I was pretty disappointed the first time I heard the Scooby Doo Five College Consortium Theory. I was a sophomore at UMass Amherst, 2010, listening to a classmate explain how each character on the show “Scooby Doo, Where Are You?” was inspired by a college in the Five College Consortium of western Massachusetts. The ascot-wearing character, Fred, was apparently inspired by the prestigious Amherst College. Daphne and Velma’s personalities stem from two neighboring private liberal arts colleges for women: Daphne embodied Mount Holyoke College in South Hadley, while Velma represented Smith College in Northampton. The liberal arts school, Hampshire College, was source material for Shaggy. Which left Scooby–the goofy, comical, perpetually hungry dog with a speech impediment–as the representation of The University of Massachusetts Amherst.
Interesting, but not very flattering. Even if the theory isn’t anywhere near true, the school has been trying to shake that animalistic image for quite a while. And they’re succeeding.
When I was in high school, it was hard to pinpoint where “Zoo Mass” fell on the college spectrum. For some, it was a safety school. Many others considered it a reach. Since it boasted a great education and an affordable price tag (especially for in-state students), nearly everybody applied. I wound up enrolling and relocated to the quintessential little college town of Amherst, MA. Cue a very unwelcome spike in tuition and fees. But looking around the campus during my walks to class every morning, it wasn’t hard to see how far those extra dollars were going.
From 2008 to 2013, the school:
- Opened both a new Integrated Sciences Building and a new Studio Arts Building
- Completed the Commonwealth Honors College (a $192 million seven-building complex)
- Saw out-of-state undergraduate admission hit 22%
- Upgraded the football team to D1
- Renovated the student center and dormitories
- Announced countless new plans for campus development
According to the Boston Globe, the number of applicants has jumped from 20,000 to 34,000+ since 2005. It now boasts 88 undergraduate programs, 72 graduate studies, 28,140 students, and doesn’t show any signs of slowing down. This school has its own zip code for a reason.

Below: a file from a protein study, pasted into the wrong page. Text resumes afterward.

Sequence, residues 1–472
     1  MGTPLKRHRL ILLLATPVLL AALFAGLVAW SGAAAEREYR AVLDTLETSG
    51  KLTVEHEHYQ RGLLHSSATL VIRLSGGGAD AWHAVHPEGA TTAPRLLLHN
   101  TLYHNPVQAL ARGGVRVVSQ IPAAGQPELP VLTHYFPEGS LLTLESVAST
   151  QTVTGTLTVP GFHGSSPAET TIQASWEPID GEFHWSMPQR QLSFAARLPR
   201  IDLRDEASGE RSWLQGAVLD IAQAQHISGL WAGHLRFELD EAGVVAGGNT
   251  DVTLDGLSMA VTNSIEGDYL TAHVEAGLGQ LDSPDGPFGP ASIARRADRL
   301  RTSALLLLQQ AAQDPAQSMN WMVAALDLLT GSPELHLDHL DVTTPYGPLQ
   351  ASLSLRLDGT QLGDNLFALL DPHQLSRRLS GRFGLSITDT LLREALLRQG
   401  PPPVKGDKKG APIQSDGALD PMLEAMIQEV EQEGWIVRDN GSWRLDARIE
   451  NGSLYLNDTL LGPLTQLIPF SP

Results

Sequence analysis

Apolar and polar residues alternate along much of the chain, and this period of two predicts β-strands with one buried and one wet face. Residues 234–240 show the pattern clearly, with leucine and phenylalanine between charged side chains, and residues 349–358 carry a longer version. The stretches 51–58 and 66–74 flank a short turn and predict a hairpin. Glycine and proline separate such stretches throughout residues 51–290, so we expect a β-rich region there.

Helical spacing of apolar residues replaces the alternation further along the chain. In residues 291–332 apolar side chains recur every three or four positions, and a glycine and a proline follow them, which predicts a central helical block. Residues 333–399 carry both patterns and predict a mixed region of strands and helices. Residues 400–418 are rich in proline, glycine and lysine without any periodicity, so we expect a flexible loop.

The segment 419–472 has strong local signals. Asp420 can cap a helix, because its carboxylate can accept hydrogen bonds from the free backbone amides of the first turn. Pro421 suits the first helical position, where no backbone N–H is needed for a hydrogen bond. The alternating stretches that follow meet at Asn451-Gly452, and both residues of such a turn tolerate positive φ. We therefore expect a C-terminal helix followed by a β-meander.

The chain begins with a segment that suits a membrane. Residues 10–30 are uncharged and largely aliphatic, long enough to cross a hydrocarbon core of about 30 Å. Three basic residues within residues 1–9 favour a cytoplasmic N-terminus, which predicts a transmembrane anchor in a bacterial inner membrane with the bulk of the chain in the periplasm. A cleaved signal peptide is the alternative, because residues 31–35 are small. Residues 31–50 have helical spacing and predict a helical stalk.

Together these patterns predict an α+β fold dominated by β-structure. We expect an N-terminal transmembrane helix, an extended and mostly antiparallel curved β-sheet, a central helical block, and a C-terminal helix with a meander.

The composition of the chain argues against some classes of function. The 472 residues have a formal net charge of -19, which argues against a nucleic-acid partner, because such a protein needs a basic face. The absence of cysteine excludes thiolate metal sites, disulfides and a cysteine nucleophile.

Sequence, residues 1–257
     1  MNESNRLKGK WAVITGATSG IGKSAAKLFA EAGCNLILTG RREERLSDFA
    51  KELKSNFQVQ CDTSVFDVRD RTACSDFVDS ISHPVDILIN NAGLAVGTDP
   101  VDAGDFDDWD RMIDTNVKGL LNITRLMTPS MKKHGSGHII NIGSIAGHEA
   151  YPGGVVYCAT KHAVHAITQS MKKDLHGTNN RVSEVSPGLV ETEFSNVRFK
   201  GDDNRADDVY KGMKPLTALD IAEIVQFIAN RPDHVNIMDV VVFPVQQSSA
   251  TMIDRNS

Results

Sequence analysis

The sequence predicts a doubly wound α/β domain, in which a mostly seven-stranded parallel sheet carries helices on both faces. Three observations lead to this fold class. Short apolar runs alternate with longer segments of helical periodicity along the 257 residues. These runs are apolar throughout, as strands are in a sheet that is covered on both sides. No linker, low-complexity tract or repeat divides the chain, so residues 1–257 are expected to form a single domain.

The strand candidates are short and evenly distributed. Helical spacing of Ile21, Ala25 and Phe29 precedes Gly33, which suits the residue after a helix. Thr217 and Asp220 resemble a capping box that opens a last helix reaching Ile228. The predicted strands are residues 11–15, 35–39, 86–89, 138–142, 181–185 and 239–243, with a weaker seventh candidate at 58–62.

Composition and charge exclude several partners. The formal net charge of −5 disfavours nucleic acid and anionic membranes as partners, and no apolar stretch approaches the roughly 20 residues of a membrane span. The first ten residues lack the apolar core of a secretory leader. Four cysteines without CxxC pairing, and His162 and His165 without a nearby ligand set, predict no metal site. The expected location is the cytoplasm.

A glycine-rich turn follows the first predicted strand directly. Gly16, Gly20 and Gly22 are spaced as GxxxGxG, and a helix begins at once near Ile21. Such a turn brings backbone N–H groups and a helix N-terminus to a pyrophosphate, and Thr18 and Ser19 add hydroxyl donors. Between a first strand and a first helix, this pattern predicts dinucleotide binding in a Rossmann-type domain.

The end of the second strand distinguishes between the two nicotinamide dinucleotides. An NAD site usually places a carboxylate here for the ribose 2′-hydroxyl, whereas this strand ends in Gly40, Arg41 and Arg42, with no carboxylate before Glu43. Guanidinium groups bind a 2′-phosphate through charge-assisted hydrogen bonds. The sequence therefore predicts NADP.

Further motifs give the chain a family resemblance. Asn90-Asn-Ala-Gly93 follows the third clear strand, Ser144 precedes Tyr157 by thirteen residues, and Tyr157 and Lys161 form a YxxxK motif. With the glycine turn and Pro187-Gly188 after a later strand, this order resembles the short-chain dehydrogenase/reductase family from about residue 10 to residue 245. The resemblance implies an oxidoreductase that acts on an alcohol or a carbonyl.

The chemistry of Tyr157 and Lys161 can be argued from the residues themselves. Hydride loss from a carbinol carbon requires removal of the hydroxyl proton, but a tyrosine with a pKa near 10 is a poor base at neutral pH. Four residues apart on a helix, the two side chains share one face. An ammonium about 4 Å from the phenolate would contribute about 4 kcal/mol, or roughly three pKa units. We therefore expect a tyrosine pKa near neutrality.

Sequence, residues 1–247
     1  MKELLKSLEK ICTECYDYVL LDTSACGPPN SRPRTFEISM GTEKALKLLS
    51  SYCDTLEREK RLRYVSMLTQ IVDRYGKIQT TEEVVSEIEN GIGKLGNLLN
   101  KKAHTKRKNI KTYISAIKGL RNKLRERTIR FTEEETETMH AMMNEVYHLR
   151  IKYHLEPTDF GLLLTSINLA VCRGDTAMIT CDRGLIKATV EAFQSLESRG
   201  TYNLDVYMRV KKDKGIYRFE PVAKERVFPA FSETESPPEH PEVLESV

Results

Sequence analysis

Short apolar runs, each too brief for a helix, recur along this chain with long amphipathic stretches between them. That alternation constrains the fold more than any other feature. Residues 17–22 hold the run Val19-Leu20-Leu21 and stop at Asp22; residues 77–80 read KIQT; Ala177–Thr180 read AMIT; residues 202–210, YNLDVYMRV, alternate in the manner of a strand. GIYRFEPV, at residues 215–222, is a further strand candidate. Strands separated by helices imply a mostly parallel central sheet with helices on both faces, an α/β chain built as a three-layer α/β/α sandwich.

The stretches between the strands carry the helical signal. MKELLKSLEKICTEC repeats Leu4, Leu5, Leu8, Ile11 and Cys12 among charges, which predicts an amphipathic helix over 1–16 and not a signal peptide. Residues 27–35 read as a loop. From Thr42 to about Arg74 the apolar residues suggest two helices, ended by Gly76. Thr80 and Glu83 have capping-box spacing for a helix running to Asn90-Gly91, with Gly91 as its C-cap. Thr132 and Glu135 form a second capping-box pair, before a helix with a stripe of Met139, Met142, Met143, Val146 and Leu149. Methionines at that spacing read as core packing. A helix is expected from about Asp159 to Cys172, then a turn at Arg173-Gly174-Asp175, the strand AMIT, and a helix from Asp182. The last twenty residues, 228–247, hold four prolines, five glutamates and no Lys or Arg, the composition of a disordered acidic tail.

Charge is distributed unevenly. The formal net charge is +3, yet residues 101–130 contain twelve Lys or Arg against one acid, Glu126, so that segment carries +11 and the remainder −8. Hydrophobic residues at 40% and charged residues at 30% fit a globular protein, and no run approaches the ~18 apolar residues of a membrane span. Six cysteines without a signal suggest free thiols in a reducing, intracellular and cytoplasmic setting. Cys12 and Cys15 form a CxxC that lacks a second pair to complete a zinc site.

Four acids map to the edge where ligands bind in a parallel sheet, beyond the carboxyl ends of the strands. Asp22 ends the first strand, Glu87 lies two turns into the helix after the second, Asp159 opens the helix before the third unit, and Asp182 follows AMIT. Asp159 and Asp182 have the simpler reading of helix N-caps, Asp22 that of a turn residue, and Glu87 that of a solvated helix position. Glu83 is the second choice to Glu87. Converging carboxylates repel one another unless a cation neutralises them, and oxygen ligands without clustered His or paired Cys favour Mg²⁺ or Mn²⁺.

But despite all of these developments around campus, it doesn’t take much for UMass to relapse back into party-school mode. At times, it can resemble a Hollywood set for some blockbuster college movie. New student orientation packets should provide instructional flow charts:
(Alright, that example might be a bit hyperbolic.)
But that’s not to say that these day-drinking, keg-standing rioters aren’t smart. In only 6 years, the average GPA for applicants to UMass has risen from 3.38 to 3.66. SAT scores have jumped from 1143 to 1197. In 2011, it was awarded $140 million in grants in contracts due to its recognition as one of the nation’s top public research universities. Most students in the Isenberg School of Management know that it recently ranked 36th business school program overall and 14th among public universities in Bloomberg Businessweek. And as a sort of issuance policy, both the University and the town of Amherst are focusing much more energy on alcohol abuse education and prevention. This isn’t your parents’ UMass anymore.
UMass has come an incredibly long way since it opened. But there’s no doubt that it still has a long way to go. This university is on track to transform itself into one of the best, most diverse, and affordable schools in New England — a godsend amongst an epidemic of pricey private schools. And if you were ever a fan of the show Scooby-Doo, I probably don’t have to remind you that Scooby usually caught the villain and saved the day (albeit with a lot of luck and improvisation).